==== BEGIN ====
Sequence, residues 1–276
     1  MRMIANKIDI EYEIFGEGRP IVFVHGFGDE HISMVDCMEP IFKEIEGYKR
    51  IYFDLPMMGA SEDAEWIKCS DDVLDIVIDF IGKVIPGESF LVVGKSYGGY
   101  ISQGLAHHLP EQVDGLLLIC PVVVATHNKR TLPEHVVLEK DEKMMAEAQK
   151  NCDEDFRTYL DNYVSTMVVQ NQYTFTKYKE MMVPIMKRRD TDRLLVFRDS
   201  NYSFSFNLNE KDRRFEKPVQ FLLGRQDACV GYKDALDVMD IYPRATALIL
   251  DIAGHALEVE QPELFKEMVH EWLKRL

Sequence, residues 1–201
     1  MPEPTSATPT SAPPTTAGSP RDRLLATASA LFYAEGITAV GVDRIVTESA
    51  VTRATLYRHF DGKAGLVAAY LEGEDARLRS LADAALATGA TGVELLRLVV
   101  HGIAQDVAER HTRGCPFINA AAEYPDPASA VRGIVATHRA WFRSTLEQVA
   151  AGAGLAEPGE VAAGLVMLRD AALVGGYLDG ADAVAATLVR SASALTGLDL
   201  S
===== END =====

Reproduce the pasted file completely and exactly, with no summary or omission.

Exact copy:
Sequence, residues 1–276
     1  MRMIANKIDI EYEIFGEGRP IVFVHGFGDE HISMVDCMEP IFKEIEGYKR
    51  IYFDLPMMGA SEDAEWIKCS DDVLDIVIDF IGKVIPGESF LVVGKSYGGY
   101  ISQGLAHHLP EQVDGLLLIC PVVVATHNKR TLPEHVVLEK DEKMMAEAQK
   151  NCDEDFRTYL DNYVSTMVVQ NQYTFTKYKE MMVPIMKRRD TDRLLVFRDS
   201  NYSFSFNLNE KDRRFEKPVQ FLLGRQDACV GYKDALDVMD IYPRATALIL
   251  DIAGHALEVE QPELFKEMVH EWLKRL

Sequence, residues 1–201
     1  MPEPTSATPT SAPPTTAGSP RDRLLATASA LFYAEGITAV GVDRIVTESA
    51  VTRATLYRHF DGKAGLVAAY LEGEDARLRS LADAALATGA TGVELLRLVV
   101  HGIAQDVAER HTRGCPFINA AAEYPDPASA VRGIVATHRA WFRSTLEQVA
   151  AGAGLAEPGE VAAGLVMLRD AALVGGYLDG ADAVAATLVR SASALTGLDL
   201  S